Perhaps you can explain the statement of yours george. How can a union oppose any choice on the part of the workers if the workers can decertify the union? Individuals in a democracy don't have choice the same way members of unions don't have choice. The truth is that workers do have a choice. Unless of course we concede that citizens of Wisconsin don't have a choice because they are forced to live under the monopoly of Wisconsin government. They can't opt out of it any more than workers can in a union shop.
georgeob1
 
  -1  
Reply Fri 25 Feb, 2011 08:01 pm
@parados,
Would you call a nation that appointed its legislators for life, but had very infrequently used procedures for unseating them ... a democracy?

You have continued to evade the issue of compulsory union membership and paying of dues as a precondition of employment. Is that democratic?
failures art
 
  1  
Reply Fri 25 Feb, 2011 08:07 pm
@georgeob1,
You've evaded that if people wanted to, they can break the union. Under your narrative, they want to, but can't. They very much can.

A
R
T
reasoning logic
 
  0  
Reply Fri 25 Feb, 2011 08:18 pm
@georgeob1,
You may be correct in my opinion on some of your thinking!
But not all!
If you are seemlier to me you listen to Neil, Rush and Shawn but I do have to add that I also study all other news sources from around the world.

I once heard that the smallest government would end up being the largest, I also think that this applies to unions! I could be wrong but in my country they address it at times as the state of the union!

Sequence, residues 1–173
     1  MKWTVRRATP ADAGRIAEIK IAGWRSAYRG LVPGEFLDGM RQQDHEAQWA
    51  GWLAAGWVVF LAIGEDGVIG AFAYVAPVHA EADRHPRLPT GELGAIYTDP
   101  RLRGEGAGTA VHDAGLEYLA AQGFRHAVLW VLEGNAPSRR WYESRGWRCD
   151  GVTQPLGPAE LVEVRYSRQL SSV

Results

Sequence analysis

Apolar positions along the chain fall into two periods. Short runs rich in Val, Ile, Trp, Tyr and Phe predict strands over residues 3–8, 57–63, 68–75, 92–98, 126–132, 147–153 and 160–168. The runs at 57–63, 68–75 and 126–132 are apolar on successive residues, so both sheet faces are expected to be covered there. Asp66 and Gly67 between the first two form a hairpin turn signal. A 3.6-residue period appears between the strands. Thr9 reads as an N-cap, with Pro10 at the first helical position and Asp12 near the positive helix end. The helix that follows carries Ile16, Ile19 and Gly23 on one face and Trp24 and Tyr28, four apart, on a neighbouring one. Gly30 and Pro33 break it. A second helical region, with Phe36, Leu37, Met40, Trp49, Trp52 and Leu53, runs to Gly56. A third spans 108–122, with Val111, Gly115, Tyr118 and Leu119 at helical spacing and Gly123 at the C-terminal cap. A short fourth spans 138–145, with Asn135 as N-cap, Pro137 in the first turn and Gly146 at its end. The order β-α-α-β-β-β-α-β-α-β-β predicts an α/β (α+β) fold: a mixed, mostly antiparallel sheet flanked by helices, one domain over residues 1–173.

Politics in my opinion will fade and the scientific method will take over! Do not get me wrong because even though I think we may evolve to the scientific method I do think that politics will never fade! Because we will always have things that we will not be able to answered by the science at the time!
georgeob1
 
  -1  
Reply Fri 25 Feb, 2011 08:18 pm
@failures art,
You are wrong. No evasion at all. I merely made the distinction between democratic scheduled elections to retain or replace legislators (or unions) with relatively infrequently used to unseat those with appolintments for life. Nowhere did I say or imply that unions can't be decertified. It is simply a fact that it rarely happens - there is often a good deal of intimidation on the part of an incumbent union towards its members.

Do you call that an evasion ? I don't.
georgeob1
 
  0  
Reply Fri 25 Feb, 2011 08:22 pm
@reasoning logic,
I don't know who "Neil" is and I don't watch or listen to the other two. I am happy to learn that you inquire into many sources.

I'll note merely that I am well-read, educated and have a great deal of experience managing large organizations and dealing with Labor unions.

Frankly I can't understand the meaning of the rest of your post